State Supreme Court voids efforts by parents found responsible for abuse from changing custody
In a factually and procedurally complex ruling, the Illinois Supreme Court ruled on January 21 that a lower court erred when it ordered that the foster son of a lesbian who hoped to adopt him be removed from her home and placed in the custody of the boy’s maternal grandfather and step-grandmother.
Chief Justice Mary Ann G. McMorrow wrote the opinion for unanimous group of six members of the court who participated, and it made no mention of the foster mother’s sexual orientation
The case concerned young Austin W., born in 1999, to B.W., an unmarried mother of three other children. At the time, B.W.’s other children had been removed from her custody by the state’s Department of Children and Family Services (DCFS) due to findings of abuse or neglect. DCGS asserted authority over the new baby as well, and he was placed with B.W.’s father and step-mother, William and Wendy Ward, with the idea that B.W. might eventually qualify to have custody of him, but that eventuality never materialized.
DCFS suspected that the infant was abused while in the custody of the Wards, and there was testimony from one of B.W.’s other children that Wendy Ward used corporal punishment on the nine-month old Austin, even though she told investigators she did not know how the child sustained injuries that were discovered.
Austin was then placed in foster care with Rosemary Fontaine, a lesbian living with her partner. For two years, Austin had regular supervised visitation with the Wards, but lived full time with Fontaine and her partner. Having bonded with Austin, Fontaine sought to adopt him, a proposal that DFCS endorsed.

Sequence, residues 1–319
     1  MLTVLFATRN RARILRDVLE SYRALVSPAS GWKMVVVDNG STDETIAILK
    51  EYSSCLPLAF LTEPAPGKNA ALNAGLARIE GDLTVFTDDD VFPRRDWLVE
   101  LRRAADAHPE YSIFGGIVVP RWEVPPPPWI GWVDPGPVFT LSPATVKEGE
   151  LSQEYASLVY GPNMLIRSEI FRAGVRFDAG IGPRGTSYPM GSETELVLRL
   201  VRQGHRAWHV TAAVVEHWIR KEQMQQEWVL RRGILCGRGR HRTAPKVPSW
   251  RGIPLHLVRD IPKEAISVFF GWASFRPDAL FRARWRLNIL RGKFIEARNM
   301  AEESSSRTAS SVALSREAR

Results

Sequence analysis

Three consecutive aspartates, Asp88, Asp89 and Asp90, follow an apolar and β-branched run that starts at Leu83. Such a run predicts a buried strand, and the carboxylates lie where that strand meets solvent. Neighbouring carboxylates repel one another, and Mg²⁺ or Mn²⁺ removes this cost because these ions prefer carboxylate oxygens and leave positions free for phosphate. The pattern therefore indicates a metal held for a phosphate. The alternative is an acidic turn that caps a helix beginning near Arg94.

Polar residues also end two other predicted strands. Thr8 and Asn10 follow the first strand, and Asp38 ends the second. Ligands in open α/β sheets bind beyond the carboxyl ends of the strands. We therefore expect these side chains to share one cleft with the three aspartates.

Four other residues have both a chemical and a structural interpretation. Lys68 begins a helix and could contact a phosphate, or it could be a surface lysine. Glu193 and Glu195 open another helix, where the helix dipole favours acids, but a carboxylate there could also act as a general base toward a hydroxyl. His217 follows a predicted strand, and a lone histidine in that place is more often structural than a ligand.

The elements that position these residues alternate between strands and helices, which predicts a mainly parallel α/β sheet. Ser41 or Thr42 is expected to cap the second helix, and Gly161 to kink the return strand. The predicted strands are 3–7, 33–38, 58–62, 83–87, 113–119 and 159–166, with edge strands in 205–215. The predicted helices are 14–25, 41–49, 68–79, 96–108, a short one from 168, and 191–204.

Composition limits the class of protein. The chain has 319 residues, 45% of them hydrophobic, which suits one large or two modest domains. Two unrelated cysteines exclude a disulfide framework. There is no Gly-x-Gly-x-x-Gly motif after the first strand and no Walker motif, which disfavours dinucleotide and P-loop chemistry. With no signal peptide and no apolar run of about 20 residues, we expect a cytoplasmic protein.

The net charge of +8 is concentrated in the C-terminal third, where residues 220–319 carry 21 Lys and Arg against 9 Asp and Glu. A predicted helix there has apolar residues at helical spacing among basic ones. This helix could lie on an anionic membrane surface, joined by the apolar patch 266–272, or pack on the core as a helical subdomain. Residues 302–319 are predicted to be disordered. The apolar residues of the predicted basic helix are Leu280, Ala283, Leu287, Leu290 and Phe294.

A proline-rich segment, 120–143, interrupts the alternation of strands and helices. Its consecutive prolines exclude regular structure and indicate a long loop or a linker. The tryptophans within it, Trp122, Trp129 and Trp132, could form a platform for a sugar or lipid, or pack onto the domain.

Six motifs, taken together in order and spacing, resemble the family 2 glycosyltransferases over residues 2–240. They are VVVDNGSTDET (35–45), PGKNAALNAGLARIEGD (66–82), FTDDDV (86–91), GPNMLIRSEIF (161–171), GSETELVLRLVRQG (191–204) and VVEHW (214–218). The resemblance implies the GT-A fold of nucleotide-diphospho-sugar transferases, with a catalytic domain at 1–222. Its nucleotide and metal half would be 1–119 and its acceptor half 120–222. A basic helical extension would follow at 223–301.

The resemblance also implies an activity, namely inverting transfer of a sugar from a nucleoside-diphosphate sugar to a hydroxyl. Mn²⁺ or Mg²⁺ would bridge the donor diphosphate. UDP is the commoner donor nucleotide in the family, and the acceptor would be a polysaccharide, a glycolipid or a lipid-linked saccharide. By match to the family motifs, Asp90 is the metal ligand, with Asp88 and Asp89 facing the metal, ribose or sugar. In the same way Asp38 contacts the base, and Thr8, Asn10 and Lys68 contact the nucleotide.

But the Wards wanted to reclaim him and the attorney appointed guardian ad litem for Austin, Timothy Berkey, sided with the them, as did a church social worker who had contact with the family. An administrative law judge found that the Wards had abused the child as an infant, but Berkey filed a motion on their behalf for a change in custody back to them in a different county, and the courts in that county paid little attention to the findings of abuse.
The Supreme Court found that the lower court’s decision granting a change of custody to the Wards was seriously flawed in numerous, virtually inexplicable ways. Although none of this was articulated in the court’s opinion, it seems likely that the lower court proceedings were tainted with bias toward the grandparents and against Fontaine, in light of the extraordinary chain of erroneous rulings the lower courts committed.
For example, the court found the testimony of doctors about Austin’s abuse, found credible by an administrative agency, to be non-credible, even though the court never heard from the doctors. And despite the fact that the child welfare statute set out a long list of criteria for determining the best interest of the child, the lower court overlooked key criteria that weighed heavily in favor of keeping Austin in Fontaine’s care, while overlooking factors that militated against switching him to the Wards.
The Supreme Court reversed the lower court’s order, and ordered reinstatement of DCFS as the custodial guardian of Austin with authority to consent to his adoption by his foster mother, Rosemary Fontaine.
The decision never mentions Fontaine’s sexual orientation, or the possibility that bias against her might have infected the process, but the decision is nonetheless significant, especially in light of the recent ruling by the U.S. Court of Appeals for the 11th Circuit upholding the irrational anti-gay adoption policies of the state of Florida.
Lambda Legal, the national lesbian and gay public interest law firm, took an active role in the case, making sure that Austin remained in Fontaine’s custody while the appeal was pending and lining up a local attorney from a major firm to represent her interests.